The Delhi High Court while refusing to interfere with an arbitral award has dismissed two appeals challenging the award dated July 20, 2018 directing SpiceJet Promoter and Chairman Ajay Singh to refund Rs. 308 crore towards the warrants and a refund of the amount of Rs. 270 crore towards cumulative redeemable preference shares (CRPS) along with interest to Kal Airways and Kalanithi Maran.

The bench however, rejected Maran's appeal seeking damages of Rs. 1,323 crore from SpiceJet.

A bench of Justice Chandra Dhari Singh without going into merits of the Award as there was no error apparent on the face of the record or an illegality, observed, “There is nothing in the impugned Award to suggest that it suffers from patent illegality and the findings therein are perverse and will shock the conscience of this Court. In the instant case, the petitioners have not been able to prove that the impugned Arbitral Award is patently illegal, against public policy of India or fundamental policy of law and thus have failed to make out a case for the award to be set aside”.

Senior Advocate Abhinav Vashisht appeared for SpiceJet, Senior Advocates Maninder Singh and Sathanarayanan appeared for Kal Airways

In the matter, disputes arose between the parties pertaining to an Agreement regarding the financial obligation of the parties and for the adjudication and resolution of the same, the respondents invoked the arbitration clause stipulated in the Agreement.

The petitioners had submitted that the entire amount of Rs. 370 Crores, which was to be brought into the petitioner Company as part of the committed support, was to stay with the airline for a period of 8 years as per the terms of the Agreement. Therefore, the Arbitral Tribunal could not have rewritten the terms of the contract by awarding return of Rs. 270 Crores, modifying the nature of the transaction in the Agreement.

However, the limited question before the court was, whether the impugned award in question suffers from patent illegality and/or is in conflict with the public policy or fundamental policy of Indian law and thus is liable to be set aside under the provisions of Section 34 of the Arbitration and Conciliation Act, 1996, warranting interference of this Court.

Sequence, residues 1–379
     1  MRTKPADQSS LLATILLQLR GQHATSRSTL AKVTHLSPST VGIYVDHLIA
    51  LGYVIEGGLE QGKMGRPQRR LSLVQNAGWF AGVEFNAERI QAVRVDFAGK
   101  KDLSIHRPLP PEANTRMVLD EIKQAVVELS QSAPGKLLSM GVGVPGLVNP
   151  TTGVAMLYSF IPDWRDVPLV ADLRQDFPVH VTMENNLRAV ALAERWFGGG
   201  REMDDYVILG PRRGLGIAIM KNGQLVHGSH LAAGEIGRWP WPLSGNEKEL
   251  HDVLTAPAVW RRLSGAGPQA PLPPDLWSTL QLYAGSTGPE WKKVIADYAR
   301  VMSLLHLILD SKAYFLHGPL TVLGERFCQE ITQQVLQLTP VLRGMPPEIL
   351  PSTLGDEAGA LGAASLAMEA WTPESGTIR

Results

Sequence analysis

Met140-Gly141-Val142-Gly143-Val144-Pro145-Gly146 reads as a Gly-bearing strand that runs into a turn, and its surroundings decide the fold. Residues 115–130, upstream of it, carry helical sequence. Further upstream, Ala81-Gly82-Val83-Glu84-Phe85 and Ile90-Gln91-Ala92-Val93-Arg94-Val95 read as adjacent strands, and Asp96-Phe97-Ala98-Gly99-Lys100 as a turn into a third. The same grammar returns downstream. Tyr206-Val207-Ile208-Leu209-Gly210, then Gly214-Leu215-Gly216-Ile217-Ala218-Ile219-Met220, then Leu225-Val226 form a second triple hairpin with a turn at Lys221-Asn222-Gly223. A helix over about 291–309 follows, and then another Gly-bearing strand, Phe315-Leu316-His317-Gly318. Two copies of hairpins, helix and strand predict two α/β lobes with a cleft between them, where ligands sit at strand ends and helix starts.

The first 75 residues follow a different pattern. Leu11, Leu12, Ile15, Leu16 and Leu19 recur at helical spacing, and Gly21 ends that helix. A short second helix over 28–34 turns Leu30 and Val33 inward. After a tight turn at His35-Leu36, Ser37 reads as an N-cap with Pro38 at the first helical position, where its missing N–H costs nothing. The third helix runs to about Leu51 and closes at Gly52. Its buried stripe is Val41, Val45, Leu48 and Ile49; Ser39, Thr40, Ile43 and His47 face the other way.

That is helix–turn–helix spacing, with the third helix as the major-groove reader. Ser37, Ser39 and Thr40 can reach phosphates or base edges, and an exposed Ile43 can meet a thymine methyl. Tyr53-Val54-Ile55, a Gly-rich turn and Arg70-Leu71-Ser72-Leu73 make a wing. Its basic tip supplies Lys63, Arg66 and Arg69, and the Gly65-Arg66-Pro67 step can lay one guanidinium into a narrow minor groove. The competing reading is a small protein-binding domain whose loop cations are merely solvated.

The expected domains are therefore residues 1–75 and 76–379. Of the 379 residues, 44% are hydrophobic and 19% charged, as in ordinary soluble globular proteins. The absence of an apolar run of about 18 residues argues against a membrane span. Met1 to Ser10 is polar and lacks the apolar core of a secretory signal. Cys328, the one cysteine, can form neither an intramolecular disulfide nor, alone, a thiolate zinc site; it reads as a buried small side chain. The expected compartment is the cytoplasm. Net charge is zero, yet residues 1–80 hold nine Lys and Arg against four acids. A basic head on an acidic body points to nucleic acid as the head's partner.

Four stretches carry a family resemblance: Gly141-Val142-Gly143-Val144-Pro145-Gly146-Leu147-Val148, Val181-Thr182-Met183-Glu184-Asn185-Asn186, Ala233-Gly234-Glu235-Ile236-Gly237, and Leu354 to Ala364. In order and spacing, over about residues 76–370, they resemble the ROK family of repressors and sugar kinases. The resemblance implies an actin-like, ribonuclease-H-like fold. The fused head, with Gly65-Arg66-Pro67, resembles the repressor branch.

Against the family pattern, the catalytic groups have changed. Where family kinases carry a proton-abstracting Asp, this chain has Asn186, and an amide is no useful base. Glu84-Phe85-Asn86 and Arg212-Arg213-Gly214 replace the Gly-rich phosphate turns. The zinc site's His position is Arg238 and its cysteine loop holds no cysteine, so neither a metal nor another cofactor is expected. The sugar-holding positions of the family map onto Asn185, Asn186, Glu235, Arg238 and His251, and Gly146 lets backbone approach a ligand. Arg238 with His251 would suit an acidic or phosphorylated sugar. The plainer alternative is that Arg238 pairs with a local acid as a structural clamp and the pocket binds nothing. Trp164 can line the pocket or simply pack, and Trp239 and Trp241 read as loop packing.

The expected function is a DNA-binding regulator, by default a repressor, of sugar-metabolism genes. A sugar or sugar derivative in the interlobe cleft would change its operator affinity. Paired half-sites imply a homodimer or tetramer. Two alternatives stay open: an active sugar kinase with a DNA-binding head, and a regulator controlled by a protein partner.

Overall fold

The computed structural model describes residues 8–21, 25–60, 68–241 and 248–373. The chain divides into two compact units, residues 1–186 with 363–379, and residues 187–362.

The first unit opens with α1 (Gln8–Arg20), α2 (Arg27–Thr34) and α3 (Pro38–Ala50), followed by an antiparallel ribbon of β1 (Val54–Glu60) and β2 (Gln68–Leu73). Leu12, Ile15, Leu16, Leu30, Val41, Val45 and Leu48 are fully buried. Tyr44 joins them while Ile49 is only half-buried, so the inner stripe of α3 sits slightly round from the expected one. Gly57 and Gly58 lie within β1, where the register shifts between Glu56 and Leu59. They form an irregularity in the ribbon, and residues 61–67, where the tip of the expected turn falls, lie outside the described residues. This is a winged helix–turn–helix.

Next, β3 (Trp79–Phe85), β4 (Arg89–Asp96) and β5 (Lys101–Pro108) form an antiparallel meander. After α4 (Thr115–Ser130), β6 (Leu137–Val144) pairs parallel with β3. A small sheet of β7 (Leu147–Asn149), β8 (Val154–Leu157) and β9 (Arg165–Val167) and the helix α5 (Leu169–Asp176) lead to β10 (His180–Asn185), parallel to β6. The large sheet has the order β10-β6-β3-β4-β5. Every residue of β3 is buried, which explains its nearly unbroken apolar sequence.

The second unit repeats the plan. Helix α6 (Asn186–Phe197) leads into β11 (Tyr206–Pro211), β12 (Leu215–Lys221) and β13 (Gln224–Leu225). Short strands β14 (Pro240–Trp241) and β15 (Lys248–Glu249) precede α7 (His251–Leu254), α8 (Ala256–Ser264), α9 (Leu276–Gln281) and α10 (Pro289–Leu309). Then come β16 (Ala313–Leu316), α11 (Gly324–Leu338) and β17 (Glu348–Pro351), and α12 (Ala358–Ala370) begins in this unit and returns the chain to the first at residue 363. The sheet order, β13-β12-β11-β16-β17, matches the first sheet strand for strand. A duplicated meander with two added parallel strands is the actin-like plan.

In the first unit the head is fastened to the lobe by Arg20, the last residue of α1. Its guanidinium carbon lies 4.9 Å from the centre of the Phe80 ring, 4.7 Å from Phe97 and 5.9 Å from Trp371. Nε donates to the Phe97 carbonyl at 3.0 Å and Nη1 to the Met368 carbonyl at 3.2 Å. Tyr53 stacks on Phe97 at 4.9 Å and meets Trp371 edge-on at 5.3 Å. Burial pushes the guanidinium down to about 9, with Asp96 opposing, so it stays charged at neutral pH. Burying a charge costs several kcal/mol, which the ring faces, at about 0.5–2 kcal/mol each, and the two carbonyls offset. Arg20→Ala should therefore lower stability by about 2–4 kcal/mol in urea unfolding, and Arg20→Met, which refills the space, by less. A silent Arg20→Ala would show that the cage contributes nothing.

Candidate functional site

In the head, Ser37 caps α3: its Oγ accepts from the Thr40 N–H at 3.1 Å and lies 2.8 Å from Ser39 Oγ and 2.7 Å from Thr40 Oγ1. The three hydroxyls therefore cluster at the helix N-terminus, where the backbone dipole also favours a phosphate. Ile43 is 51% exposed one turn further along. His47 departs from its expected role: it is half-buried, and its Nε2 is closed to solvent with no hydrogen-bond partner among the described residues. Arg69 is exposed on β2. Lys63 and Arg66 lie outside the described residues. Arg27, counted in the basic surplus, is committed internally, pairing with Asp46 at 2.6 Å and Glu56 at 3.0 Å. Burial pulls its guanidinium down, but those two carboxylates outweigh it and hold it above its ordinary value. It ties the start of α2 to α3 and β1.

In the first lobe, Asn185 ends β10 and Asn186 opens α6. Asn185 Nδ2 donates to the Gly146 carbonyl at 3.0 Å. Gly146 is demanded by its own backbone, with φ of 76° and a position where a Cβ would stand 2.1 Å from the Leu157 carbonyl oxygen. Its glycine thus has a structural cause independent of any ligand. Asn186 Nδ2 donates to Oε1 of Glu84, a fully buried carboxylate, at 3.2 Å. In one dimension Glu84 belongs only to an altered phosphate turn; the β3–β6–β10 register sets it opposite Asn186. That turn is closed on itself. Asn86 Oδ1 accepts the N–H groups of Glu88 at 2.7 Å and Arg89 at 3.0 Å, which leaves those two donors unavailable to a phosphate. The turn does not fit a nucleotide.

Considering the limited grounds under Section 34 of the Arbitration Act to challenge an arbitral award, the bench answering in negation upheld the award so granted.

The petitioner were aggrieved by three findings of the Arbitral Tribunal that:

(2) The parties shall explore the possibility of giving effect to and exercise the option as described in detail. In case the efforts do not fortify, the Respondents shall within a period of one month thereafter refund the amount in question i.e., Rs.270,86,99,209/- to the Claimant No.2 (which is arrived at after adjusting the counter claim of Rs.100 Crores which has been allowed).

(3) Since the amount covered by conclusion (1) was with the Respondents since November 2015, they would have become liable to pay interest on the same. Though, interest at the rate of 18% per annum has been claimed, we are of the view that since Respondent No.1 Company took over a huge liability and also paid interest on the tax amount payable by the Claimants, interest at the rate of 12% on Rs.308,21,89,461/- would be appropriate. The amount has to be accordingly calculated for about 30 months. Additionally, in view of the finding relating to the CRPS claim and the proved position that the Respondents have paid interest / servicing charges of around Rs.29 Crores, the counter claim to that extent is allowed.

(5) In case the payments, as directed, to be made by the Respondents are not so made within two months from the relevant date, the Claimants shall be entitled to interest @ 18% from the last date of the due date in terms of this Award.

The High Court, accordingly while stating that the conclusions drawn were not of the nature that could shock the consciences of the Court, observed, “There is also nothing in the Award, even to the aspect of interest, which would lead this Court to take the view that there is any gross illegality which goes to the root of the matter or error apparent on the face of the record which would render the Arbitral Award patently illegal”.

Cause Title: SpiceJet Limited v. Kal Airways Pvt Ltd & Ors. [Neutral Citation: 2013:DHC:5321]

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